HSBC Chief Quinn, architect of sweeping overhaul, announces surprise retirement

By Reuters   April 29, 2024 | 11:36 pm PT
HSBC Chief Quinn, architect of sweeping overhaul, announces surprise retirement
Noel Quinn, Group Chief Executive of HSBC, speaks during the Global Financial Leaders' Investment Summit, in Hong Kong, China Nov. 7, 2023. Photo by Reuters
HSBC (HSBA.L) said on Tuesday its Chief Executive Noel Quinn will retire - a surprise departure by its hard-nosed leader of five years who has overseen a sweeping series of asset sales across the globe.

The Asia-focused bank said in a statement it has launched a formal process to find a successor.

Chief Financial Officer Georges Elhedery, appointed to the No. 2 role last January after a sabbatical before which he headed the bank's markets business, is likely the leading internal candidate for the job.

Quinn, 62, has restored momentum to the bank's profit and share price by getting rid of or slashing in size under-performing businesses, including the lender's retail banking businesses in the U.S. and France, its entire Canadian subsidiary and units in smaller markets such as Argentina.

HSBC's shares, which have gained roughly 30% during his tenure, rose about 1.3% and touched a nine-month high in the afternoon session in Hong Kong.

"I think shrinking businesses in Western markets such as the U.S., Canada and Europe has been a good move for HSBC at the same time as boosting the group’s Asian business, said Simon Yuen, founder of Hong Kong-based Surich Asset Management, which is an HSBC shareholder.

"We do hope that the next CEO would layout more plans, execution-wise, to further increase the bank's businesses in Asian countries," he said.

U.S. stocks finished higher on Monday with sharp gains for Tesla and Apple leading the way, as investors awaited the Federal Reserve's policy meeting later this week and its outlook for interest rates.

Quinn will remain CEO until his successor starts in the role, and has agreed to remain available through to the end of his 12-month notice period expiring on April 30, 2025, to support the transition.

"I've held intensive leadership roles since I took on a commercial bank role in October 2008 so I'm personally ready for a change," Quinn told reporters on a conference call.

"It's also a natural inflection point for the bank, as it comes to the end of the current transformation phase. It's an ideal time to bring in leadership to move the bank forward over the next five years."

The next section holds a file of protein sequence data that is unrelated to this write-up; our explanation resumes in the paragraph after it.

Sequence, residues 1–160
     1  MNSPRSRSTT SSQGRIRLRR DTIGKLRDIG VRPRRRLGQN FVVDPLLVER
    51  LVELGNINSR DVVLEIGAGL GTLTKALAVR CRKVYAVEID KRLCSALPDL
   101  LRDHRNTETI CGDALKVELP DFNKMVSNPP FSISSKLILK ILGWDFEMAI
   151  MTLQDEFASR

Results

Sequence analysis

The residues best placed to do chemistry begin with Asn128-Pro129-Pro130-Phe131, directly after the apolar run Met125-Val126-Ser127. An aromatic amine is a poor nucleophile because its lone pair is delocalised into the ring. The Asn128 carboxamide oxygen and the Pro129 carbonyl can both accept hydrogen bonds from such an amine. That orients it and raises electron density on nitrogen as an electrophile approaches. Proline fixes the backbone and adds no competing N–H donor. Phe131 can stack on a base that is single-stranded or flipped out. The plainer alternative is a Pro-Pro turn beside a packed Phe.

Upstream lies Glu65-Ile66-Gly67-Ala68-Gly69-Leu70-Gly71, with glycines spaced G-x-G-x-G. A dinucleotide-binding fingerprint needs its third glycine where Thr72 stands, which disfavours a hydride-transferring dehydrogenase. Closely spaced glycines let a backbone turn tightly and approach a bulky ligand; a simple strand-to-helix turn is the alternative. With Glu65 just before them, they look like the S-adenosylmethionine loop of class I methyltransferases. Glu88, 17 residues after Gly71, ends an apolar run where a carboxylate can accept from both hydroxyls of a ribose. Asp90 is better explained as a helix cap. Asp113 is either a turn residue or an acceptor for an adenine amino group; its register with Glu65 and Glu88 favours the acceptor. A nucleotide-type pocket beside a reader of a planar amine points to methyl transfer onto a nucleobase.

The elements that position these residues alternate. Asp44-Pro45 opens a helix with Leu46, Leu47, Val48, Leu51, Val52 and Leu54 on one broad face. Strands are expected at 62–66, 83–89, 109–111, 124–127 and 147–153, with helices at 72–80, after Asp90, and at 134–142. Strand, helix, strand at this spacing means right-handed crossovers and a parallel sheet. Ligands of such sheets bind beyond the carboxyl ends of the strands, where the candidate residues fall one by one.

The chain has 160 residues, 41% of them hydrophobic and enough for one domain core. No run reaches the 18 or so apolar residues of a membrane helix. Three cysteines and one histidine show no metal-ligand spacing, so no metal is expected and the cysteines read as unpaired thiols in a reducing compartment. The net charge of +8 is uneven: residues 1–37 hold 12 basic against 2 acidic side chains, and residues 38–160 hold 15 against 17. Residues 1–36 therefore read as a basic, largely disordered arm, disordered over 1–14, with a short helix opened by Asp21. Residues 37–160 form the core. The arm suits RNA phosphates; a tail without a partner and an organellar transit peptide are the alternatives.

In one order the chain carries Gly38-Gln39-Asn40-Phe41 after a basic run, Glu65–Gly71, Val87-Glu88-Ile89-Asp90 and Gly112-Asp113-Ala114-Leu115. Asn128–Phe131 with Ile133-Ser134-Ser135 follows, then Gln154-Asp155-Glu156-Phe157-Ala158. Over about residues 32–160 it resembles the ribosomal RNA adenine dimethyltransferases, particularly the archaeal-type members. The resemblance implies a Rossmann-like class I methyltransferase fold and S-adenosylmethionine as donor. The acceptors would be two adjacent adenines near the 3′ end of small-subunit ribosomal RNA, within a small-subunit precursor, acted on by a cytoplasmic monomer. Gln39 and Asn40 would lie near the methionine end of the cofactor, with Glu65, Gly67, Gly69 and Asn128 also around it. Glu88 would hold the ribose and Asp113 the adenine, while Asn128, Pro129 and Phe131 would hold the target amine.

HSBC Chairman Mark Tucker said the bank was aiming to complete Quinn's succession process by second half of this year.

"He (Quinn) first informed me of this earlier this month", Tucker said of the timing of Quinn's decision to step down, adding that the decision was Quinn's own and that the board supported it.


Quinn, who joined HSBC in 1987, was named the chief executive of the bank, which makes most of its revenues and profits in Asia, in March 2020, after serving as an interim CEO following the surprise ouster of his predecessor.

He played a crucial role in navigating challenges during and after the coronavirus pandemic, as well as heightened geopolitical tensions that weighed on the bank's key market, China.

He also won a major showdown with the bank's No. 1 Asian investor, China's Ping An Insurance, which ran a multi-year campaign to try and get HSBC to spin off Asia business, which ended in defeat at the bank's shareholders meeting last year.

HSBC also faced criticism in recent years from Western lawmakers over its dealings with China amid growing geopolitical tensions. Hong Kong is HSBC's single largest market globally.

HSBC reported pretax profit that came in at $12.7 billion, slightly ahead of forecasts, for the quarter ended March versus $12.9 billion a year earlier, as it struggles to cope with rising costs from expansion in Asia.

The London-headquartered bank also announced $3 billion worth of share buybacks on top of $2 billion in share purchases announced in February.

The bank said it continued to target a return on average tangible equity in the "mid-teens" for 2024, with banking net interest income of at least $41 billion, dependent on the path of interest rates globally.

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